Back at the house we rapidly agreed that we should go back to Tabuk as soon as possible. Neither of us felt comfortable here and the walk to Tinglayan was out of the question. Whether or not people respected Simeon, there were some here willing to break all the rules and kill to gain money, and we were not going to risk two days alone in the jungle if that was the case.
As it turned out we had missed today's ride back to Tabuk so decided to go ahead with our plan of walking to the next village of Gaan, sleeping with Simeon's relatives there and leaving the next day.
The walk to Gaan was forty minutes, mostly through rice terraces then over a small hill into a neighbouring valley. On arrival I noticed immediately that I no longer trusted the people of this area. Everywhere I looked, even among children, I saw those ghostly, bloodshot, predatorial eyes, the wild hair, the vampire mouths. It was a look that was mirrored among the dogs of the community who slunk around the alleys hunting for scraps, their eyes half glazed over yet with a certain docile savageness lurking behind them which made me feel that had they been in a pack, or had I been incapacitated, they would have seen me as an opportunity for an easy meal; they looked as though they had been bred with wolves.
When we arrived at the house we were to stay in for the night the mother of the family could barely contain herself with excitement. When I shook her hand and told her I was pleased to meet her she almost went hysterical and had to draw in breath in a large, airy gasp that produced a strange whistling sound in order to stop herself laughing.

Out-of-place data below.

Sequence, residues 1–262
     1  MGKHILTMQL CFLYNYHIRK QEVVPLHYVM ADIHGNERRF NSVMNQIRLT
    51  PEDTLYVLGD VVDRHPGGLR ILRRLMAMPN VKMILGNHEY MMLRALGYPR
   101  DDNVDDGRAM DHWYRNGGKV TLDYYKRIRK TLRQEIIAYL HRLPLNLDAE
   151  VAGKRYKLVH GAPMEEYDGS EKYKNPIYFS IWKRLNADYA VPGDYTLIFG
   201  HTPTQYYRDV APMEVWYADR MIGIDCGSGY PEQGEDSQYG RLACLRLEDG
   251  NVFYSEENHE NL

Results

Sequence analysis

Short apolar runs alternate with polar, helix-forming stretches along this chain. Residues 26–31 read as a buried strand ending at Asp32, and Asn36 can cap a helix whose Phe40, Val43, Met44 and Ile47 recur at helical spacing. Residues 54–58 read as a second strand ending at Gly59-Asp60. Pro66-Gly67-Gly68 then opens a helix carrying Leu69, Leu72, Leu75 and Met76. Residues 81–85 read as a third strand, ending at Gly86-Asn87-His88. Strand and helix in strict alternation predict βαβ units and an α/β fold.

Burned rice coffee was brewed and, as we sat around a table waiting for our mugs to cool down, a tiny, smiling, gurgling baby girl crawled up on to the table. Too late I saw what was going to happen and she knocked over one of the cups of boiling coffee, burning several large patches of skin off her leg and exposing the raw pink flesh below. Lizz and I cupped our hands over our mouths in horror and had to look away as the infant, standing on the bench next to where her mother was sitting, began howling in agony, her previously pretty face distorted to a hellish picture of suffering, only to be greeted by shouted reprimands and blows to the head from her mother.